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Microsoft Upgrades Security for Xbox Live

| 19 Jul 2012 21:25
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Xbox Live's General Manager would like to remind you that "password" is not an acceptable password.

In an official blog post on the Xbox forums, Xbox Live General Manager Alex Garden has outlined a list of new account safeguards that have recently been put into place. The security upgrades he mentions have apparently been ongoing since Xbox's Spring update last month, with further improvements "still to come." You can read the full list of changes below:

  • We've increased notifications to members whose accounts may be compromised to add proofs, update their passwords, and, if necessary, contact Xbox support. This helps our team lock down an account quickly, investigate and restore the account to the rightful owner.
  • We've taken legal action to pull down online posts of gamertags, usernames and passwords gathered from malware or phishing schemes to help protect our members.
  • Our Xbox LIVE Spring update included many behind the scenes improvements that help us build on security enhancements for the near future.
  • We're sending unique codes to the security phone numbers and secondary email addresses provided by members to verify authorization for Xbox.com purchases or account change attempts not stemming from a member's trusted device.
  • We're working to reduce market incentives for criminal activity. Engaging in identity theft, trading in stolen accounts and committing credit card fraud are illegal and violate our Terms of Use. Those involved in these activities risk criminal prosecution, account and console bans. That goes for both sellers and buyers of known stolen accounts and content.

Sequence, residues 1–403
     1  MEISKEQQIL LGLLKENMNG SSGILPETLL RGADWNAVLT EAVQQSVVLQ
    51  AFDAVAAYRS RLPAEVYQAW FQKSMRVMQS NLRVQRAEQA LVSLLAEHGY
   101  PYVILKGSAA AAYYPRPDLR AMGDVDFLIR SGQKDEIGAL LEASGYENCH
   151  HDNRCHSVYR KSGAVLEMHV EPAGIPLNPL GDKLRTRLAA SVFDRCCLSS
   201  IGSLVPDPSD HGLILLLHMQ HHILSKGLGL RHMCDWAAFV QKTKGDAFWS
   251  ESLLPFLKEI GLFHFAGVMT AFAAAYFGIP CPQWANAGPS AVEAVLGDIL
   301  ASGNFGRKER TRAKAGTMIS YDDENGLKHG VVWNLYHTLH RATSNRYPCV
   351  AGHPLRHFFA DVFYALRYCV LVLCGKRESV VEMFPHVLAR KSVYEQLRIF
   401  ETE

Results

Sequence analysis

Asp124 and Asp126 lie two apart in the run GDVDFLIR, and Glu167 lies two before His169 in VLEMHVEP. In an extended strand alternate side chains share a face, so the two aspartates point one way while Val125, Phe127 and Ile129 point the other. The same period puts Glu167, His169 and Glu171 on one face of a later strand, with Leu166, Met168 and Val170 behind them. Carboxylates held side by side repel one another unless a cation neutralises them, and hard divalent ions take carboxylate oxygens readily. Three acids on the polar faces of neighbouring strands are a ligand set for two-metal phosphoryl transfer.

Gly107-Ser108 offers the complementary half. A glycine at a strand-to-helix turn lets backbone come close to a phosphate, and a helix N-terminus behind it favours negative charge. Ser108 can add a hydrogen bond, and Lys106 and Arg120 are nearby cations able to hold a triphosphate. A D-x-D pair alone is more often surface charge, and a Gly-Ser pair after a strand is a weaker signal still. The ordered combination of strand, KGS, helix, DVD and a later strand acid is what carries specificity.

While these changes should not drastically affect most players, they should go some way to preventing the use and trade of stolen accounts. However, for the majority of these measures to be effective, Garden says, users will need to make sure that they keep their account information up-to-date. To that end, he advised that customers double-check their security info and update it if necessary.

Garden also suggested that users ensure their passwords are watertight. To prevent breaches from one site from spreading to all your accounts, be sure to use a different password for every service you use, and don't have common words as these are the most easily hacked. "Sadly", he notes, "'Password' and '12345' are still top of the most common password lists when we see breaches occur and passwords posted online."

Microsoft hopes that these advancements will help to reduce the amount of account fraud on its online service. However, as with all security measures, users also have a responsibility for the safety of their online identities, and a little common sense goes a long way when protecting your accounts.

Source: Xbox blogs via Eurogamer

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